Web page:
Springer Online Journal Archives 1860-2000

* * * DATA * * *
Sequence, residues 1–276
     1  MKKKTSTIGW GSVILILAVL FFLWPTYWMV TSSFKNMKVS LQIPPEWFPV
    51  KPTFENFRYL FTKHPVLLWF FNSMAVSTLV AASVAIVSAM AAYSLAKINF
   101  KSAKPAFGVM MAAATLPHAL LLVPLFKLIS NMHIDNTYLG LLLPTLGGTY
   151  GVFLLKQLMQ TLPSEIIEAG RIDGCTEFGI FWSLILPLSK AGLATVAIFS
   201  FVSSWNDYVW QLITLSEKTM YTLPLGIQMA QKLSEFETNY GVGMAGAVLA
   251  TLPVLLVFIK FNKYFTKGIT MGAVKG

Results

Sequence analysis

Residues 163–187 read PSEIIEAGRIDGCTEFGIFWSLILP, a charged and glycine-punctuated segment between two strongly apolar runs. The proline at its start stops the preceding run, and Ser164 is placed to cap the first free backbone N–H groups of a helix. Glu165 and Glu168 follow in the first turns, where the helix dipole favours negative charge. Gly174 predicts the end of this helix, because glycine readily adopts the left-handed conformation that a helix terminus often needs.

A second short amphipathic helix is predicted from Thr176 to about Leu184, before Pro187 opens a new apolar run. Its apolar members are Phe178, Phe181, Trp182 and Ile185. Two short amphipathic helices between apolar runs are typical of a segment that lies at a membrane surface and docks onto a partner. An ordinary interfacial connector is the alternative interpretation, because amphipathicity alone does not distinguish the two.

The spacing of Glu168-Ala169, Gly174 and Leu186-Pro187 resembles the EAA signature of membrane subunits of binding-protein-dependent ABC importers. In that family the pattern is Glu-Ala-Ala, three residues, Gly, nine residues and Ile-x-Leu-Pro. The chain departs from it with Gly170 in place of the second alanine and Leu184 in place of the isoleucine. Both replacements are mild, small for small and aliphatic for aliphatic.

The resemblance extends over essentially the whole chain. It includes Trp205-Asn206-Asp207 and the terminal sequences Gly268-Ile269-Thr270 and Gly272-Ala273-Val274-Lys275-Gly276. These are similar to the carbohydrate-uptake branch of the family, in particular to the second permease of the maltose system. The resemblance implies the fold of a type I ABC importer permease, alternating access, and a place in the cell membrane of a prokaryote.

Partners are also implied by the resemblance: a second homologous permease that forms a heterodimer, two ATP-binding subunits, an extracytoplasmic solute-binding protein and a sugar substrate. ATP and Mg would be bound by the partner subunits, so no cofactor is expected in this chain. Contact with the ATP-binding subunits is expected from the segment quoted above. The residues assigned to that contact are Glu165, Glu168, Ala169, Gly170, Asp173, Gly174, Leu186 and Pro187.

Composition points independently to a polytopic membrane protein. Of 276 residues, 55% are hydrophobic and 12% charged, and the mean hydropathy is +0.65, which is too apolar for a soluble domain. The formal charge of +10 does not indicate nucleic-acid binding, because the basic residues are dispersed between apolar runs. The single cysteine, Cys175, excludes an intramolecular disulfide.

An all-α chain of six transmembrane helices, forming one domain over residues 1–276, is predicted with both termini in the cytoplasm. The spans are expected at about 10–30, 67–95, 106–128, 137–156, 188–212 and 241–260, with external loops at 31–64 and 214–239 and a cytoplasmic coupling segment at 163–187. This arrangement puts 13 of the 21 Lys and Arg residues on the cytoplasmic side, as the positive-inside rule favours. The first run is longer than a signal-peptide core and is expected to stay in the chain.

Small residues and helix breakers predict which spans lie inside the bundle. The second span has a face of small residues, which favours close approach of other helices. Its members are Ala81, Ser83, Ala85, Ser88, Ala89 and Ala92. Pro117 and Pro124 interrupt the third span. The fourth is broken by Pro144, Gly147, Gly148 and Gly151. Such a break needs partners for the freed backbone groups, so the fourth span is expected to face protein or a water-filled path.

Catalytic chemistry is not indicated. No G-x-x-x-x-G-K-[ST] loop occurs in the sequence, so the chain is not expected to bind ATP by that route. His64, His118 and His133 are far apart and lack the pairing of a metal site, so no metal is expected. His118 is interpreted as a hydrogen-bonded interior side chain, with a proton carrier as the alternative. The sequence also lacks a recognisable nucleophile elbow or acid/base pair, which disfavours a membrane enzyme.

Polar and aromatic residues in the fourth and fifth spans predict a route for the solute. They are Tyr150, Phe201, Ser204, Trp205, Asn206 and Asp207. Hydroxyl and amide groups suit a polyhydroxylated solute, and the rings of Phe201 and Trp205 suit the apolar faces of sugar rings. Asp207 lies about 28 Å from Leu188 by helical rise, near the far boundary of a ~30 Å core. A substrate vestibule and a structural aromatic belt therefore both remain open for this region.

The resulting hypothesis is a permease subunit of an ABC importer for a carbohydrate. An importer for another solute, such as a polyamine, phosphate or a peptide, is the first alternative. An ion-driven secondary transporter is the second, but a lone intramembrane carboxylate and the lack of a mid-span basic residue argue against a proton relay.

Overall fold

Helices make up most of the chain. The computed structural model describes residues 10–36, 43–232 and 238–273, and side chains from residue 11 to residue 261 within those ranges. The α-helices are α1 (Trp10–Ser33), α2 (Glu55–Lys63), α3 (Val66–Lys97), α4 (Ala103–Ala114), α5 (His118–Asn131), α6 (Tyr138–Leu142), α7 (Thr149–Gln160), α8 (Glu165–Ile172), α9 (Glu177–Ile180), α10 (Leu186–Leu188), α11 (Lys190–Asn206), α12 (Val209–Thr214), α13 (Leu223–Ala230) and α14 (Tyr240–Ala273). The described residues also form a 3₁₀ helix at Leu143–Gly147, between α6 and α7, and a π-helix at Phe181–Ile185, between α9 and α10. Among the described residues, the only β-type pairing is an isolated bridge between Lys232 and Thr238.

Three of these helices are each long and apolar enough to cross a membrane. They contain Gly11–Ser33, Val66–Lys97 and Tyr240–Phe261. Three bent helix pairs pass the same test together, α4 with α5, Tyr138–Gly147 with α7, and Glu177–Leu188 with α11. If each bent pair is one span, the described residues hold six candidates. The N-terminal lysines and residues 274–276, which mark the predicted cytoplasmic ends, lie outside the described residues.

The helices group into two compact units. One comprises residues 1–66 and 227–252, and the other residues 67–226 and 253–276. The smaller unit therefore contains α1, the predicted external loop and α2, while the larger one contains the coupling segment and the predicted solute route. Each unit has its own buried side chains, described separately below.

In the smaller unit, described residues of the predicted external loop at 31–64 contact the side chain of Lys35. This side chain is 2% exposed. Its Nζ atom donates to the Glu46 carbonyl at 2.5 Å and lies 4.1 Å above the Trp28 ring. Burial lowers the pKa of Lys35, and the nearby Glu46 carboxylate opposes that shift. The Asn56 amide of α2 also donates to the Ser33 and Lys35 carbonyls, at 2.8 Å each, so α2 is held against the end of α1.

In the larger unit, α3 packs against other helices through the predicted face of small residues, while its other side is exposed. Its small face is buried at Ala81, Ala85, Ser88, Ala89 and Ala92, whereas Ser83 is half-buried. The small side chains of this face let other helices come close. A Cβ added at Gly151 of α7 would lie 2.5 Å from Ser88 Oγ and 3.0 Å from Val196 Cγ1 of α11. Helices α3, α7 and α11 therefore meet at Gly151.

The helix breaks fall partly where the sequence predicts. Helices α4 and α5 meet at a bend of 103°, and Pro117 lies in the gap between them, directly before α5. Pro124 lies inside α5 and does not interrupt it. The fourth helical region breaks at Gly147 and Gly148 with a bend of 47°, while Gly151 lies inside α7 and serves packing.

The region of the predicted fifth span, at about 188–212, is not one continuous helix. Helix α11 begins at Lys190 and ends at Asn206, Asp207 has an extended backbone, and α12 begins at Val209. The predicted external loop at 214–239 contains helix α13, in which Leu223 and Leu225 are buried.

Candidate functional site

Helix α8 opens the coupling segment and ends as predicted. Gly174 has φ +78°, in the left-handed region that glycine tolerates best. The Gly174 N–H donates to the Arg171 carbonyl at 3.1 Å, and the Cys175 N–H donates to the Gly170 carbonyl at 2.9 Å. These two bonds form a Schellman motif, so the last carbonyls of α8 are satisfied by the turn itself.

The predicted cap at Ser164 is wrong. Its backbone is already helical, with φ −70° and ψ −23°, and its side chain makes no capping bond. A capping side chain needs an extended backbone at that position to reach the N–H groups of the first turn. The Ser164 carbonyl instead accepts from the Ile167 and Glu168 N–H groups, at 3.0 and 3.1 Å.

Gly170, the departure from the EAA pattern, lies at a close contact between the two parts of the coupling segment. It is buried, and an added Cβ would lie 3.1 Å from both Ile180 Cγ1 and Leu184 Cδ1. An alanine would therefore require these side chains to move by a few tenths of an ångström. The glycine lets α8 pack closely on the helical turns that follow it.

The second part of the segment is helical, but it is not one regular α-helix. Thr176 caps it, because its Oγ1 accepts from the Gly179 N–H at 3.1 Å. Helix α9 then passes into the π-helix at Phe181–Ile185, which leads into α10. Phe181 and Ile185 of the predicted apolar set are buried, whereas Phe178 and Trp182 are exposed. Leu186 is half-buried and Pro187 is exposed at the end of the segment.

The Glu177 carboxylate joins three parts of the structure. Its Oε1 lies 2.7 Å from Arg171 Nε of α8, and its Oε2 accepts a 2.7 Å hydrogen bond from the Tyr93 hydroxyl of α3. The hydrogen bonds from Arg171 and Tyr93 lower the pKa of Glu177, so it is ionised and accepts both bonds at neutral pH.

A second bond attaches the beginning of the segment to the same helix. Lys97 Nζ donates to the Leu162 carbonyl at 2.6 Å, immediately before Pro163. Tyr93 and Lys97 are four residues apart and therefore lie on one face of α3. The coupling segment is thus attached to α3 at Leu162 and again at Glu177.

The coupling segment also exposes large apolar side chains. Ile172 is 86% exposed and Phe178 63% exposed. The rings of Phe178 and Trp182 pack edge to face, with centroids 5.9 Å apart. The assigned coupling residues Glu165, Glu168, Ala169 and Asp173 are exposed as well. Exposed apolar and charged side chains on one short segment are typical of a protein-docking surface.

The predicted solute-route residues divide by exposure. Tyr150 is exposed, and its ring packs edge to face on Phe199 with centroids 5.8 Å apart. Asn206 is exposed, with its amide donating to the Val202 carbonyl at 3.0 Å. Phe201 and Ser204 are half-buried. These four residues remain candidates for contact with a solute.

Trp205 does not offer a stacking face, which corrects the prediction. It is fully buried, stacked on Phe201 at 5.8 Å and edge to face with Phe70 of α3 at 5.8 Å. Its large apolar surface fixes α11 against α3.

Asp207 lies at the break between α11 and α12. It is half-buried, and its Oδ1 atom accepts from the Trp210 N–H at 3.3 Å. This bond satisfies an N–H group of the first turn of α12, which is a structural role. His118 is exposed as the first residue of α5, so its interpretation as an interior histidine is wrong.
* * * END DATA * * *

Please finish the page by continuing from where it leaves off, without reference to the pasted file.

Abstract Transparent hydroxyapatite (HA), 99.6% relative density, was prepared by hot isostatic pressing. Optical transmittance of 1 mm thick HA was greater than 60% at 700 nm. Twenty transparent HA plates (10×7×1 mm) were implanted into the medullary cavities of two dogs' femora. At 1 and 2 weeks after implantation the bone marrow derived cells that adhered to the HA surfaces were histochemically examined by light microscopy and scanning electron microscopy. Four types of enzymatic reactions were employed to identify cell types. Alkaline phosphatase was used as a marker for osteoblasts, acid phosphatase and tartrate-resistant acid phosphatase as a marker for osteoclasts and non-specific esterase as a marker for macrophages. Cells adhered to the HA surfaces were a mixed population of osteoblasts, osteoclasts and macrophages. By 2 weeks, the number of osteoblasts increased and formed a bone-like matrix. A small number of osteoclasts formed resorption lacunae on the HA after 2 weeks. By utilizing the transparency of the HA, whole-view of bone matrix formation by osteoblasts and simultaneous resorption of HA by osteoclasts was observed simply and dynamically by light microscopy.
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